If I have one criticism of Part 1, it is the lack of discussion of Kant's own sources in the development of his empirical anthropology the influences on his transcendental theory are already thoroughly documented in the literature.

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Aside from a few references to well-known influences such as Rousseau and Kant's access to travelogues, we don't hear much about what Kant appealed to as he complied his empirical anthropology over the course of his career. Along similar lines, it would have been good to hear more about the relation between Kant's theory and other anthropologies from the ongoing Enlightenment, of which Kant was self-consciously a contributor.

Kantian Ethics

Part 2 is a single-chapter interlude about several theories of human nature from the 19 th century. Frierson focuses on the dialectical idealism and materialism of Hegel and Marx respectively , Darwin's naturalism, Nietzsche's anti-universalist moral theory, and Freud's account of motivation based in his theory of the unconscious. Although these discussions are interesting and make for good reading, they are each too brief to count as more than quick overviews, and the brief contrasts with Kant usually only a paragraph or two at time only skim the surface.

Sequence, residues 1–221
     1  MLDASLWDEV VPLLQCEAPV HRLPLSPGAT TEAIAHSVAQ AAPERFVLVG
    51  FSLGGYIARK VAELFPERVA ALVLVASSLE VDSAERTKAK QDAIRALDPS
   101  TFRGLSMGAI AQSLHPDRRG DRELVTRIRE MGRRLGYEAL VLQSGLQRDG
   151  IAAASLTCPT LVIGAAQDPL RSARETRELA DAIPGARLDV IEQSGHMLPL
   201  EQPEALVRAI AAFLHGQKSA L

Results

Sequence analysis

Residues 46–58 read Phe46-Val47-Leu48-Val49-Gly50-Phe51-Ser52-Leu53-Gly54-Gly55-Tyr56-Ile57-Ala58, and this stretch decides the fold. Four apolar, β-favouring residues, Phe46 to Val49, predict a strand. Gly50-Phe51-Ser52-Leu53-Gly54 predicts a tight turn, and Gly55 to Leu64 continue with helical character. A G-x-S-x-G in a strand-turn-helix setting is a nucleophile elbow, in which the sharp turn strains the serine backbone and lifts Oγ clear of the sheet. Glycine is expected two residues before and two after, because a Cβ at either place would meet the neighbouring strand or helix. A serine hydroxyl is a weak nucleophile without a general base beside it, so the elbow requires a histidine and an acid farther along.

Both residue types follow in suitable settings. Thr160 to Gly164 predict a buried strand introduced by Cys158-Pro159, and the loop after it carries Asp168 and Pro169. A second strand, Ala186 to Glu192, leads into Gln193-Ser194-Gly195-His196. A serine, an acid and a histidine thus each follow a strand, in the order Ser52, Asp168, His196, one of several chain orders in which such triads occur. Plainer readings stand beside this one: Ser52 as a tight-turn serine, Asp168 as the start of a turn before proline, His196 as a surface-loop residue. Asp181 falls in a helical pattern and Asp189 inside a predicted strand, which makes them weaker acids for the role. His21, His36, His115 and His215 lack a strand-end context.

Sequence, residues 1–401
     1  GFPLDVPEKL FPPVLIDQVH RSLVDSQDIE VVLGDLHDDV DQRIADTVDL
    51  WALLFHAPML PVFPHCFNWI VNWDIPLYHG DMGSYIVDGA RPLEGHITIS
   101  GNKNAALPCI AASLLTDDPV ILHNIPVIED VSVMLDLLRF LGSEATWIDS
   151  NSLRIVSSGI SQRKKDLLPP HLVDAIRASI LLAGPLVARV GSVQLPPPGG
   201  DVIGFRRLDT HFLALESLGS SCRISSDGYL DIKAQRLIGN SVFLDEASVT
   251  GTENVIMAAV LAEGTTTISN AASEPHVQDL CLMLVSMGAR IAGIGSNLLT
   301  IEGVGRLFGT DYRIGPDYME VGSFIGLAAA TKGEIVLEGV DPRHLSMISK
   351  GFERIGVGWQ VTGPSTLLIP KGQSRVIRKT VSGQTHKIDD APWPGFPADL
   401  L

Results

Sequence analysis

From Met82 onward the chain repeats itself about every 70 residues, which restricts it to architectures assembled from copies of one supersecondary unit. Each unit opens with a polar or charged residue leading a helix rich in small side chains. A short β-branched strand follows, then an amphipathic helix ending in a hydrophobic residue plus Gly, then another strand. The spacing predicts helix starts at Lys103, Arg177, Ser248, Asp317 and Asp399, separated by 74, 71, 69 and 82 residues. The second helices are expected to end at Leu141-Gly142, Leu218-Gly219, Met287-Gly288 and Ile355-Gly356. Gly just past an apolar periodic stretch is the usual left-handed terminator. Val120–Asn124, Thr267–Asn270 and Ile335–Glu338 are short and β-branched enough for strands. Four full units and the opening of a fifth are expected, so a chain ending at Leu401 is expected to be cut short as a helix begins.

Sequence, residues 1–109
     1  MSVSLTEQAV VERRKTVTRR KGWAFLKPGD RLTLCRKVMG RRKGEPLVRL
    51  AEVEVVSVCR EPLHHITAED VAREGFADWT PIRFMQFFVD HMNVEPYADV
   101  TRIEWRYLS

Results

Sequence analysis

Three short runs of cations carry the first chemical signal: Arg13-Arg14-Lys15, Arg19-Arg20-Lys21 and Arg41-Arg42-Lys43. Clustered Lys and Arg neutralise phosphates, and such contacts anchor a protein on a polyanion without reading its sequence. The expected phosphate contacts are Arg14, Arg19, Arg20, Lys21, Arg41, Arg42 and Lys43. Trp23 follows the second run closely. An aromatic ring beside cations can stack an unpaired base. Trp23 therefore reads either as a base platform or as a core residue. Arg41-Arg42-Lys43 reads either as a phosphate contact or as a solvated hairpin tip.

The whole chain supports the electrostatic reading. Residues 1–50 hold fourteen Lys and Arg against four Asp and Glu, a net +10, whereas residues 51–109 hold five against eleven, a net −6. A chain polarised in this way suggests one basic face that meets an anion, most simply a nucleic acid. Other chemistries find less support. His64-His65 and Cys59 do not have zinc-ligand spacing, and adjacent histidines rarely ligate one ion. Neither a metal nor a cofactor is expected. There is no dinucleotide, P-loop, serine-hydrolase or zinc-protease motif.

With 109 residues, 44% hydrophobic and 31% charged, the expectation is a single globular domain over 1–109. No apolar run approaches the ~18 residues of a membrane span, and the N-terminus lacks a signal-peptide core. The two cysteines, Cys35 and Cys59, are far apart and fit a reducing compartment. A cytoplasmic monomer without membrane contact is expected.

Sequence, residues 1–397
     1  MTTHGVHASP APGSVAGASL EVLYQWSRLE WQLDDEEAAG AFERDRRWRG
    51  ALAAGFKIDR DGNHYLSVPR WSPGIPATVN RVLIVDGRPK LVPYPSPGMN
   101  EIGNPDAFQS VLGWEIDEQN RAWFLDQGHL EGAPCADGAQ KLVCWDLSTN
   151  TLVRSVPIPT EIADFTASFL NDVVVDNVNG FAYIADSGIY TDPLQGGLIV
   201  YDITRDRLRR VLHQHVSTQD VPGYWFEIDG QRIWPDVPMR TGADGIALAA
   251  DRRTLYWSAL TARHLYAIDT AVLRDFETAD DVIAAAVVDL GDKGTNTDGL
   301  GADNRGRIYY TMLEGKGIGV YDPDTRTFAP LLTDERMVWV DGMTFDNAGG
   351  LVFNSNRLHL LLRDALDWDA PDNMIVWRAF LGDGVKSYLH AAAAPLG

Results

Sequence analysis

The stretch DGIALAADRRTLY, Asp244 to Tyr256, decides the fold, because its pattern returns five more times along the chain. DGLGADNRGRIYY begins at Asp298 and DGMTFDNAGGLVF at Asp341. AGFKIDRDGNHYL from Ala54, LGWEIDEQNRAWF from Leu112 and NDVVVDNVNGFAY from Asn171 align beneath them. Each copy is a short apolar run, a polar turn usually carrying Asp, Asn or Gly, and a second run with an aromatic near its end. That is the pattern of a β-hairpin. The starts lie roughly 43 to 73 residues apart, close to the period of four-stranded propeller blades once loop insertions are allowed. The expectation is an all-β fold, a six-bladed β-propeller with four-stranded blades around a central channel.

Frierson turns to 20 th century accounts of human nature in the final 4 chapters Part 3.

Kant and Fichte on Belief and Knowledge

He addresses scientific naturalism Chapter 7 , historicism and human diversity Chapter 6 , existentialism Chapter 9 , and theories of normativity Chapter He manages to bring into focus a diverse range of contemporary or nearly contemporary perspectives on the question of human nature.

However, this part sometimes seems to suffer an identity crisis. It isn't always clear whether the primary goal is to present the contemporary views on their own terms, to trace the legacy and influence of Kant's theories through the 20 th century, or to "save" Kant's theory by showing how it or parts of it at least are consistent with later developments. To some extent it's certainly all of the above, but some of the discussions are more successful than others. The chapter on scientific naturalism addresses the threats posed by an evolutionary biological fatalism we're at the mercy of our genes and altruism is an illusion and a "situationist" psychological fatalism our actions are determined primarily by social context and free will is an illusion.